The World Champions, the New England Patriots, are heading to AT&T Stadium to take on the Dallas Cowboys. In anticipation of the big game, we talk to Pats Pulpit to get an idea of what is going on with New England.
Blogging The Boys: Who gets more credit for the Patriots remarkable run of excellence, Tom Brady or Bill Belichick?
Pats Pulpit: This is a tough question because if you ask almost any fan of the New England Patriots, they'll say that Brady is the greatest quarterback of all time. Since the quarterback position is the most important role in sports, it stands to follow that Brady would be deserving of credit. I just don't think he deserves more than Belichick.
I think Belichick would receive more of the credit in a 51-49 split. Belichick is not only responsible for coming up with the game plans and the in-game adjustments, he's also the architect of the team. He's the person behind the changes from a run-heavy approach, to an integral slot corner, to a two-tight end set. He orchestrated the move from a 3-4 to a 4-3, back to the 3-4, all depending on how the free agent market was valuing the players.
The Patriots don't win four Super Bowls without Brady, or without Belichick. But Belichick was the last head coach to win a playoff game for the Cleveland Browns. That's gotta say a lot about his ability as a coach, right?
BTB: The offense has been rolling so far, but what would you say is the one area on that side of the ball where the Patriots are vulnerable?
PP: The New England offense line is pretty much the opposite of the Cowboys. While Dallas has complete trust in their ability, let's just say that the Patriots have played three rookies in heavy snaps on the interior line. They've been rotating in a guard that had five career starts since entering the league in 2013. It's not very pretty.
Tom Brady's been able to compensate by throwing the ball in under two-seconds, and that's been pretty successful, but it certainly puts a handicap on what the Patriots offense can do by eliminating a fair number of deep throws. While this limitation hasn't really affected the offense, it's only a matter of time before a defense decides to drop eight players into coverage and force the Patriots inexperienced interior line to stave off opposing defensive lines for longer than half a second.
BTB: The Patriots defense statistically is not on par with the offense, what are the main issues on that side of the ball?
PP: I personally think any issues with the New England defense are slightly overblown. Yes, they've allowed 70 points, but the numbers are less threatening when the context is added. The Steelers and the Jaguars both scored touchdowns in the final seconds of the game, with the Patriots up multiple touchdowns. The Bills scored three times in the fourth quarter after the Patriots had already built a 24 point lead (and the Bills failed to convert on their two point conversion attempts, so it was effectively a four score lead). Those garbage time scores account for nearly 50% of the total points against.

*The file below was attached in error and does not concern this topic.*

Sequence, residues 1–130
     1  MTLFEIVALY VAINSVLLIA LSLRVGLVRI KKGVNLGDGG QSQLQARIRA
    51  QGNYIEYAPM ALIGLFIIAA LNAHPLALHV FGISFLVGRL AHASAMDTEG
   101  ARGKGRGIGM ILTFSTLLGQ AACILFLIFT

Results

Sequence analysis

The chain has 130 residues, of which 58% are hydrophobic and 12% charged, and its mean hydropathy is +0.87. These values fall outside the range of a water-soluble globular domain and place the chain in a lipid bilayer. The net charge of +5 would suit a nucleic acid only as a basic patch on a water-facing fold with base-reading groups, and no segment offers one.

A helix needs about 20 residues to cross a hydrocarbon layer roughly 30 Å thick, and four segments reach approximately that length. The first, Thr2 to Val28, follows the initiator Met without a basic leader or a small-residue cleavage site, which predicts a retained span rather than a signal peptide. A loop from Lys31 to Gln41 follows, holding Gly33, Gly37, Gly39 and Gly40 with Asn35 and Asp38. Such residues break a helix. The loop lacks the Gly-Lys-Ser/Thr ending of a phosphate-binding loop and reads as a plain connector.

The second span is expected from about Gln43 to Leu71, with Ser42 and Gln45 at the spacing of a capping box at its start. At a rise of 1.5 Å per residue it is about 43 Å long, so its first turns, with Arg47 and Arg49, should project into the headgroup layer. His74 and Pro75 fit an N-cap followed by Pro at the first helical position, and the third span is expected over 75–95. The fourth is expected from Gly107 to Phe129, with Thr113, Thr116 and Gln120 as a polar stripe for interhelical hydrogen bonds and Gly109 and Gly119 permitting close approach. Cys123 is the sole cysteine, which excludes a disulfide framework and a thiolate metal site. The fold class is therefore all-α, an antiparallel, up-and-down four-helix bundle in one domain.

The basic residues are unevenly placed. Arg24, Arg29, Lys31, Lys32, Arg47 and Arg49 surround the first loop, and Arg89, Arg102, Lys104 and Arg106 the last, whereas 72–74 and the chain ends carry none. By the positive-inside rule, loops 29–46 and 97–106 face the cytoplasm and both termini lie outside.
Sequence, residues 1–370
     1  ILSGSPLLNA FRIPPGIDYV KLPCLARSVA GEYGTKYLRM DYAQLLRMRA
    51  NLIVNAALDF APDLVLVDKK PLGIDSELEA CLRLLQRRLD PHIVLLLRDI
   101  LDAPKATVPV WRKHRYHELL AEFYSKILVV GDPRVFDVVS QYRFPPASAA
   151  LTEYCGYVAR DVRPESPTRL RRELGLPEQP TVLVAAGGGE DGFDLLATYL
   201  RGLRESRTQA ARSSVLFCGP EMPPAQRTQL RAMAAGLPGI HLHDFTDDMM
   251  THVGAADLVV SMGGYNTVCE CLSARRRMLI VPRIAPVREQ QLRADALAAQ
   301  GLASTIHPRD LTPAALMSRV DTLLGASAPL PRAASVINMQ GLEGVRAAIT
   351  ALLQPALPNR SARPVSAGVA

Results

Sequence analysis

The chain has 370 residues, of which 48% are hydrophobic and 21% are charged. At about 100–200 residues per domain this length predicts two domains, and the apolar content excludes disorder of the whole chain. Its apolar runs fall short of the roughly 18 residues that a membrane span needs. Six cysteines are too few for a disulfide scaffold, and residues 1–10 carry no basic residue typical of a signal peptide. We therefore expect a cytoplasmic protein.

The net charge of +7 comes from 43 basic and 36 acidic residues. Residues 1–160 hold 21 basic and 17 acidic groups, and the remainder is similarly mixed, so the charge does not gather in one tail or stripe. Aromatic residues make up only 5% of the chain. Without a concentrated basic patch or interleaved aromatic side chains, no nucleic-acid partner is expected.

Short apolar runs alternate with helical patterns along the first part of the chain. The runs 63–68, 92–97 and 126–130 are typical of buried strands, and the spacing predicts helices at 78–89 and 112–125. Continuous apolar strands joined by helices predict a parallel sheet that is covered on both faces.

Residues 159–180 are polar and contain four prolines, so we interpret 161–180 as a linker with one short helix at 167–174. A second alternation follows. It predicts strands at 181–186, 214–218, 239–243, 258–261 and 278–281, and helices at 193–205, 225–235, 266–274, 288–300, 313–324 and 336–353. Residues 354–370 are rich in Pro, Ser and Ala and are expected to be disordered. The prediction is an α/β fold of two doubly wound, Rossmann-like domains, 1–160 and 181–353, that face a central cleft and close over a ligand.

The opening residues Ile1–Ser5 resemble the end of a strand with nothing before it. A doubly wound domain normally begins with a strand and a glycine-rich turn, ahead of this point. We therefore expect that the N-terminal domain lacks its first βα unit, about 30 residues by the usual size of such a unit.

The Patriots would love to have not given up those points, but the New England defense hasn't allowed the opposition to pick up more than 14 points before the game was basically over in the fourth quarter.
That said, New England seems to have an issue with allowing the opposition to make a couple major plays every single game. All three opponents had two receivers collect 35+ yards on a single pass, which definitely counts as an issue for the defense. The Patriots need greater consistency from their #2 cornerback, and until that happens the Patriots can't feel overly comfortable with the defense.
BTB: What have you seen over time as the best way to slow down Gronkowski? Can it be done?
PP: There's only one real way to try and slow down Rob Gronkowski: bracketing him with a quality strong safety and a quality coverage linebacker. Opposing teams need to accept that they'll have to use two players to even just slow him down. The issue is that most teams are unwilling to give up the defensive resources to create the bracket, and that leaves Gronk wide open in the middle of the field.
Some say that chipping him at the line throws off his timing with Brady, which is good in theory, but no one has executed it well, and the Patriots counter it by flexing him wide against a linebacker in space.
The Cowboys should really just copy how Belichick covered tight end Tony Gonzalez: have two players team up and jam Gronkowski and batter him until the five yard window is over and Brady has thrown the ball in a different direction.
BTB: Who are a couple of players that the average fan might not have heard of that could come up big for New England on Sunday?
PP: Assuming most know Julian Edelman and Rob Gronkowski, running back Dion Lewis is going to be worth monitoring. Lewis was out of football last season before signing a futures contract this past January. He played well in the preseason and is now the team's #1 running back, even signing a two-year extension this past week. He's small (think Danny Woodhead), but he's somehow strong enough to drive between the tackles. He's a threat as a receiver, too, and leads the Patriots in yards from scrimmage.
On defense, Jamie Collins and Malcom Butler might be household names, but defensive end Jabaal Sheard deserves some credit. The Patriots picked him up as a free agent from the Browns and Sheard has joined the New England defensive line rotation. He's stout against the run and he's consistently disruptive against the pass. He might not collect a sack, but he'll be a big reason if the Patriots have success slowing down the Cowboys rushing attack.
Thanks Pats Pulpit for the knowledge!